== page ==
3. Experimental results
Figure 1 presents the optical transmittance spectra of a 100nm thick ZAO film corrected for the attenuation of a glass substrate. The film is highly transparent in the Vis-IR region with a transmittance between 60% and 90%. It shows that ZAO film is a good transparent conducting oxide in Vis-IR region.
The dependence of the LPV on the laser spot position along the y = 0 line at room temperature with different ZAO thickness is shown in Fig. 2 .The value of LPV gets largest when the illumination spot is closest to the measurement electrodes and shows a monotonic linear decrease as the spot scanned away from the contacts. The largest open-circuit position sensitivity is 41.85mV/mm for sample 7(172.2 nm) at a wider measurement range (4 mm) compared with previous studies [24,25,28. Even the smallest one gets 6.90 mV/mm for sample 2 (49.2nm). The correlation coefficients, which measure the linearity of the device output, are very close to1.000 for all samples. It indicates a perfect linearity for our samples.
According to extensive works [20,29,30], there are three main criteria to judge whether a device is suitable for a PSD. They are the position sensitivity, nonlinearity and spatial resolution. Table 1 shows a summery result of the three main criteria on ZAO films with different thickness. As can be seen, all the samples output satisfying sensitivities and show good to excellent nonlinearities for 100μm spatial resolution. The nonlinearity of sample 3 (73.8 nm) gets as low as 3.22% for 100μm spatial resolution. Other samples are also controlled in 6.50% while the usual acceptable nonlinearity is less than 15.00%. All data and analyses demonstrate ZAO may be a candidate for PSDs.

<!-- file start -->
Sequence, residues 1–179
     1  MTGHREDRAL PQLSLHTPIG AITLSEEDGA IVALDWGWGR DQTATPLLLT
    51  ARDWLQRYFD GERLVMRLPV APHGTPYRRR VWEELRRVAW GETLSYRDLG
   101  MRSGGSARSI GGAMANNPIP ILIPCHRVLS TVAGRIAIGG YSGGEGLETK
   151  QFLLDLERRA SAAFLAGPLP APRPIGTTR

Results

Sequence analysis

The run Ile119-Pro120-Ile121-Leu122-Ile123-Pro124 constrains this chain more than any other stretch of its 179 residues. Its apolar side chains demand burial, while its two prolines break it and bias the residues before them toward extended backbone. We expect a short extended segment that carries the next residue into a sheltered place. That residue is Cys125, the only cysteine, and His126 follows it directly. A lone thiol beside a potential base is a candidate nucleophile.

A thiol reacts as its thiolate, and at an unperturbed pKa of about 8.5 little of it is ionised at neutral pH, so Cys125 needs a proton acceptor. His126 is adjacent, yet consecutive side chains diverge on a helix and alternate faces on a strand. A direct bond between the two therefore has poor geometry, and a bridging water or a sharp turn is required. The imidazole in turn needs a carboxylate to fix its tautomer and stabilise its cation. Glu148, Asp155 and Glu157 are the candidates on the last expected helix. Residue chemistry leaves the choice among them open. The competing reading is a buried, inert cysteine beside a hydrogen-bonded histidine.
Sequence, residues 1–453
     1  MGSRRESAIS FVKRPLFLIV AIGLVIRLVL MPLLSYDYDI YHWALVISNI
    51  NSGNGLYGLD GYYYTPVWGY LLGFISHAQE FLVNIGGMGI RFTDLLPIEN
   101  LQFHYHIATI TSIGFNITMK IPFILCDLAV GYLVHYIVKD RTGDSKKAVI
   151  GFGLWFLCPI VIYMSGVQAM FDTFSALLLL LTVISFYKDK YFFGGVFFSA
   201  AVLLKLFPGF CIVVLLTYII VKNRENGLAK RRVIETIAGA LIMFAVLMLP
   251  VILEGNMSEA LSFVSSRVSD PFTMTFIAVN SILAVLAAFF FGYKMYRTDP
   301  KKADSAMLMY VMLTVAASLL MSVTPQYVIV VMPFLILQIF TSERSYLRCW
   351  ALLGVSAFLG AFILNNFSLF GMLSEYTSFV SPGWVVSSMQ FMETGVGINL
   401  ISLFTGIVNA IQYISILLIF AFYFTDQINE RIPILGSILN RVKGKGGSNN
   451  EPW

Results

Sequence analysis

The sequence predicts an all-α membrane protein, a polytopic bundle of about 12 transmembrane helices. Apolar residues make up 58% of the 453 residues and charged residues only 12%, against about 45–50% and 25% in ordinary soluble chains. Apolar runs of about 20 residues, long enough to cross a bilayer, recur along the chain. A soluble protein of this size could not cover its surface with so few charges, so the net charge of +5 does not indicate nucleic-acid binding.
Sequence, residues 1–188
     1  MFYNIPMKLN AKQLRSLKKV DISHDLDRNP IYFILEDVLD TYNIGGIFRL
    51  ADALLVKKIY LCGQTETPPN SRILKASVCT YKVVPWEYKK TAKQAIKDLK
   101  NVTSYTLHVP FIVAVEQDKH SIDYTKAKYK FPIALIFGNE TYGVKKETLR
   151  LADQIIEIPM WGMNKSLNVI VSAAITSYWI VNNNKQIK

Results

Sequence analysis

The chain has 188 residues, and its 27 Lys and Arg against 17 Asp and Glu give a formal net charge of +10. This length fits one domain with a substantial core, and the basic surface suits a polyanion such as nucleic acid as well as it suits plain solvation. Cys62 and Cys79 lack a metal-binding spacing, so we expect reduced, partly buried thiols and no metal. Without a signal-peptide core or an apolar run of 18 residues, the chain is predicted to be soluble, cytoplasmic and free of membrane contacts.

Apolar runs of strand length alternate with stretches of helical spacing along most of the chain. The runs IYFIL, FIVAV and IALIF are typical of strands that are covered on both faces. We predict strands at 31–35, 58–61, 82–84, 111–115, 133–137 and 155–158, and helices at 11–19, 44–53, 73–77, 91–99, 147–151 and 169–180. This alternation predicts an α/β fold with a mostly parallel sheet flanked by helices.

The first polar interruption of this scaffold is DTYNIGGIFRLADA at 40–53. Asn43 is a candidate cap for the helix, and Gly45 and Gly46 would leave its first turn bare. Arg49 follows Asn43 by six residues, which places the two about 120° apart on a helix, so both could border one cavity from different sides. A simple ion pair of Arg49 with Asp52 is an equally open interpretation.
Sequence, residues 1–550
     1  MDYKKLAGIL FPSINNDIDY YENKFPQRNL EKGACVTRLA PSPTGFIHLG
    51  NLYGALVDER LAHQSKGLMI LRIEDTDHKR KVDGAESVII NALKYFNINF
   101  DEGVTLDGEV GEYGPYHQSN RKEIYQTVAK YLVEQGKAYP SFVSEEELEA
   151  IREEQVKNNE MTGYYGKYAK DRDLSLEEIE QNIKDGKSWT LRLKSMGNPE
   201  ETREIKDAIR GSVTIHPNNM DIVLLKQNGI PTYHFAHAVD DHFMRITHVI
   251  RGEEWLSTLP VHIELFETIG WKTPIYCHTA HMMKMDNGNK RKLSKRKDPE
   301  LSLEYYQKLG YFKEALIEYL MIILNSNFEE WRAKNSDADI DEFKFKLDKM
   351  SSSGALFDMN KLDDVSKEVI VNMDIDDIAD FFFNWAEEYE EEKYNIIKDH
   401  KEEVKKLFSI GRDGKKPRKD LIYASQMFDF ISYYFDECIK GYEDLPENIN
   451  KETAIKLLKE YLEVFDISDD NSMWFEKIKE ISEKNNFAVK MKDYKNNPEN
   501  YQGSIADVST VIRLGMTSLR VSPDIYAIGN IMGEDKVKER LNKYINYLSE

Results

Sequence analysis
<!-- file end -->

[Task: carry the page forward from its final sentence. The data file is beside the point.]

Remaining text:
Furthermore, in usual MS or MOS structures there always presents a “thickness effect” between position sensitivity and film thickness. That is an optimum film thickness for the largest position sensitivity always existing within an appropriate thickness range. When film thickness departs away from the optimum point, the LPV will decay monotonously. ZAO films shows different. The attenuation of LPV is not monotonic to film thickness apart from the optimum point instead the outputs keep effective in a wide range. However, the basic mechanism of this anomalous phenomenon is not clear now and needs a further investigation.
Besides it has been well known that ZAO film can act as an antireflection coating with stable physical properties, such as good electrical conductivity and high optical transmittance. This property will help increase stability and service life of devices. From Table 1 and Fig. 2 we find sample 3 gets the least nonlinearity and sample 7gets the largest position sensitivity. Choosing these two as typical ones, we re-measured the LPV 4 weeks later.
Figure 3 (a) is the comparison results, showing this structure retains stable in LPV output. This again proves ZAO film is quite qualified as candidate for PSD. The measurement results also confirm our latest report , an enhanced LPE can be observed by coating a thin oxide layer on the metal surface of MS structure.
Sample 3 and 7 were also measured using atomic force microscopy (AFM) in tapping mode as shown in Fig. 3 (b). We can see clearly crystal size and surface roughness of sample 7 is larger than sample 3. In 3d view we find obviously that the crystal stacking style is quite different. Sample 3 presents individual nanorod separately while sample 7 presents a cluster of nanorods gather round. All these may contribute to different surface architecture related to film thickness. As most film properties are affected significantly by surface architecture, the unusual thickness phenomenon mentioned above may be attributed to the differences of surface architecture.